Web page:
You and your teen should know that when anxiety begins to get in the way of life, then it’s time to get help from a mental health professional. Without the proper help, your teen may be vulnerable to the following when anxiety feels intense:
- ability to function at school
- have healthy friendships
- extreme worry even for everyday matters
- drug use(abuse) including Xanax and Valium to calm down on their own
Regarding drug use among teens, approximately, 60-75% of teens who abuse drugs or alcohol also have a mental illness. Among adolescents who have not used substances before, the incidences of first time drug use is higher among those who have experienced mental illness than those who have not.
If you suspect that your teen has an Anxiety Disorder and if you call for professional assistance, you may want to know how anxiety is treated. First, it’s important to remember that there are various types of anxiety disorder, and treatment may depend on the illness that your teen has. However, typically, anxiety is treated with some form of medication to relieve you of the symptoms as well as therapy to address the underlying issues.
Medication: Types of medication for teen anxiety include anti-anxiety medication, such as benzodiazepines. The risk with Benzodiazepines, however, is that they are highly addictive and have severe withdrawal symptoms. Of course, any teen taking psychotropic medication, whether anti-depressants and anti-anxiety medication, should be closely monitored, especially at the beginning of treatment. Another form of medication used to treat teen anxiety is antidepressants. These drugs can be used to treat both depression, as well as anxiety disorders.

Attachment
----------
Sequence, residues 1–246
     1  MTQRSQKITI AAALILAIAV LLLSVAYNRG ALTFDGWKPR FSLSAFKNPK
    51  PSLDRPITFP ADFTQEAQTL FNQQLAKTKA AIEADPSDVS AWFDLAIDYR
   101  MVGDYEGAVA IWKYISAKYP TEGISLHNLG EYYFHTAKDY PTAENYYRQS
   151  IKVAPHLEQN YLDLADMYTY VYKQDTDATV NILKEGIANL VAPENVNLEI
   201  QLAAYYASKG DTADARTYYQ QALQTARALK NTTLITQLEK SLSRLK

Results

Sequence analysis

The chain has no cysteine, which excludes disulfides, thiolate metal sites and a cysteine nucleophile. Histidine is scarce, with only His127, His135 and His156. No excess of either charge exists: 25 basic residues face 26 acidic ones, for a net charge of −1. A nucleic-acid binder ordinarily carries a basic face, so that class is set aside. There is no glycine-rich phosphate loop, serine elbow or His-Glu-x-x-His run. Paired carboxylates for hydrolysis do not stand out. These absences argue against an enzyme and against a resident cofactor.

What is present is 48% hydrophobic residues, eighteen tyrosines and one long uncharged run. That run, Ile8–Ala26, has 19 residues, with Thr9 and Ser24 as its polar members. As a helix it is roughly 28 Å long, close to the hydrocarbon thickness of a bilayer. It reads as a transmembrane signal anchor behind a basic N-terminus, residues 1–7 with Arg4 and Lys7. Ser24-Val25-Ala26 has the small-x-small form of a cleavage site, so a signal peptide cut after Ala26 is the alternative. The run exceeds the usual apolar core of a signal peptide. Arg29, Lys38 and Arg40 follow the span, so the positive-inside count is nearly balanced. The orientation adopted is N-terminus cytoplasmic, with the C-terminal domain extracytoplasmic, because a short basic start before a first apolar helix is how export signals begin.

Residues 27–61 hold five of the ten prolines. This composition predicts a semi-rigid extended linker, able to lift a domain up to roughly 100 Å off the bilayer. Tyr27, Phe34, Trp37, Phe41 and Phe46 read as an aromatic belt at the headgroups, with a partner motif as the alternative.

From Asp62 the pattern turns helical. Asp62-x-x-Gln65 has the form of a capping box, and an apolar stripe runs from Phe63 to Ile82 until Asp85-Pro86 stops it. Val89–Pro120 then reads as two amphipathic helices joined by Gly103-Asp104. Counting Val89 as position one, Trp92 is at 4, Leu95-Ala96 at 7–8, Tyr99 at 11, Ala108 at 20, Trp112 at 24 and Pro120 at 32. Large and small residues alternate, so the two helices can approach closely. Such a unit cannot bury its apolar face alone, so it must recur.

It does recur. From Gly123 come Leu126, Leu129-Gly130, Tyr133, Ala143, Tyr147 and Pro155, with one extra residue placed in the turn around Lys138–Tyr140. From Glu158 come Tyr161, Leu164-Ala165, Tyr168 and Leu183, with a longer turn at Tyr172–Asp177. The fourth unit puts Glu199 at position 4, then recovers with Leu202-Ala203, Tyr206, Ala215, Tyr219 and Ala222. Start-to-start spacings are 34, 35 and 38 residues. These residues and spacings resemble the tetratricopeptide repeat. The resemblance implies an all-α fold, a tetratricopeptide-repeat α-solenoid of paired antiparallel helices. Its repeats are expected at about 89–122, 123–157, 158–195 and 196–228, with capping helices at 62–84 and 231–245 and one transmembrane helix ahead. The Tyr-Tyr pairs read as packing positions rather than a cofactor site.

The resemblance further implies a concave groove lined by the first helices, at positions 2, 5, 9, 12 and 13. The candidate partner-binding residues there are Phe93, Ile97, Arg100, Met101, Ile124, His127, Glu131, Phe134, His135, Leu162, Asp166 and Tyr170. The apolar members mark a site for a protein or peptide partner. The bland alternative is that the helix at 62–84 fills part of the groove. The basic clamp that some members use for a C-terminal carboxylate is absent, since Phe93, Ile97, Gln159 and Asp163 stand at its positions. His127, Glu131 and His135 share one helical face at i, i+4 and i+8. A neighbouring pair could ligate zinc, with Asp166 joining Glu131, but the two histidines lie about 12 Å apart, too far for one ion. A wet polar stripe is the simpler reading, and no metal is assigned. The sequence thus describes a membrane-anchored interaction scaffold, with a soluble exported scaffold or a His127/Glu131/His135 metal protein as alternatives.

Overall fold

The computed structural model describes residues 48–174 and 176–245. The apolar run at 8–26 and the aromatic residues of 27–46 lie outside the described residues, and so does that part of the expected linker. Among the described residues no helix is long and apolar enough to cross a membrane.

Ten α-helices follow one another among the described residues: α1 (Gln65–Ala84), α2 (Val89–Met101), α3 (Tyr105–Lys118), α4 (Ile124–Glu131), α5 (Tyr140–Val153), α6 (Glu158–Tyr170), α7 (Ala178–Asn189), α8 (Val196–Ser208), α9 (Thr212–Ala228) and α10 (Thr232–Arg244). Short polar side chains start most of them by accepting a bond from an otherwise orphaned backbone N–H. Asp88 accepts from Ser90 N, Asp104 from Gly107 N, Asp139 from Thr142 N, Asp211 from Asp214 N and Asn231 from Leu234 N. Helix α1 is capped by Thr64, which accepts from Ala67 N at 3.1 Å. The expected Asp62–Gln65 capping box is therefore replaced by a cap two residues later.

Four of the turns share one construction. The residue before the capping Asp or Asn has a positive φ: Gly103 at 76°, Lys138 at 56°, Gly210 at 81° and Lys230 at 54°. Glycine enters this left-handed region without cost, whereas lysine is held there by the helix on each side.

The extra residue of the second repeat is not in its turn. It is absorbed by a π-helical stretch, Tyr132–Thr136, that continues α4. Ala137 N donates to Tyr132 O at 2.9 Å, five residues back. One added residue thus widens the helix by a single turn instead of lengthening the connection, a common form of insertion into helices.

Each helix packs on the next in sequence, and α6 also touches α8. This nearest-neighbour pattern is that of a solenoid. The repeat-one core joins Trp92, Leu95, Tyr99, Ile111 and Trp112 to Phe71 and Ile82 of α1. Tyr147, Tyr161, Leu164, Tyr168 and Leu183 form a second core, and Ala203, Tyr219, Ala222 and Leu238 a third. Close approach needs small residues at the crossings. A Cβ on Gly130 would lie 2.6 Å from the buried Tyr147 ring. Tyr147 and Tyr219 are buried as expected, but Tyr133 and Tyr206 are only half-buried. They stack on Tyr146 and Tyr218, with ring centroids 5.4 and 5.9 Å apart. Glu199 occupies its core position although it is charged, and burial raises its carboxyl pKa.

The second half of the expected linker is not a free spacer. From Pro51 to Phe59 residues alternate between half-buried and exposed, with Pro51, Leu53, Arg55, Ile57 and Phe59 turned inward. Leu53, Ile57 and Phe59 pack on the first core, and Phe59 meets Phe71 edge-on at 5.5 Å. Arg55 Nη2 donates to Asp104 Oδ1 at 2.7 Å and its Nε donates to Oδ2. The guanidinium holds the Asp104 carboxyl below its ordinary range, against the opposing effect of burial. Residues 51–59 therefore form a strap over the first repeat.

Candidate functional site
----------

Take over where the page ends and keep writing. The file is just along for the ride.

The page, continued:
Psychotherapy: Psychotherapy can be useful because it can provide your teen with coping tools to use when anxiety gets challenging. For instance, instead of reaching for marijuana or a drink when feeling nervous or anxious, your teen might instead take a moment to recognize their feelings and not let it get the best of them. In the same way, instead of jumping into a car with friends who have been drinking because of feeling disappointed, for example, your teen might stop for a moment and rethink their decision. In an extreme example, if your teen were feeling depressed and were about to take their life, they might call for help instead.
If not treated properly, anxiety can lead to long-term negative outcomes, such as social isolation, low self esteem, lack of independence, depression, or substance abuse, as mentioned earlier. Yet, anxiety doesn’t have to get to this point. With help, symptoms of anxiety can get better. With the right amount of support – friends, family, counseling, psychotherapy, support group, and medication. Furthermore, having a practice of relaxation tools, such as yoga, meditation, and/or journaling can help facilitate healing from anxiety. All of these methods can create a lasting change and help with minimizing the debilitating effects of teen anxiety. However, it’s important that parents and caregivers reach out for support when they see their teen struggling with symptoms of anxiety.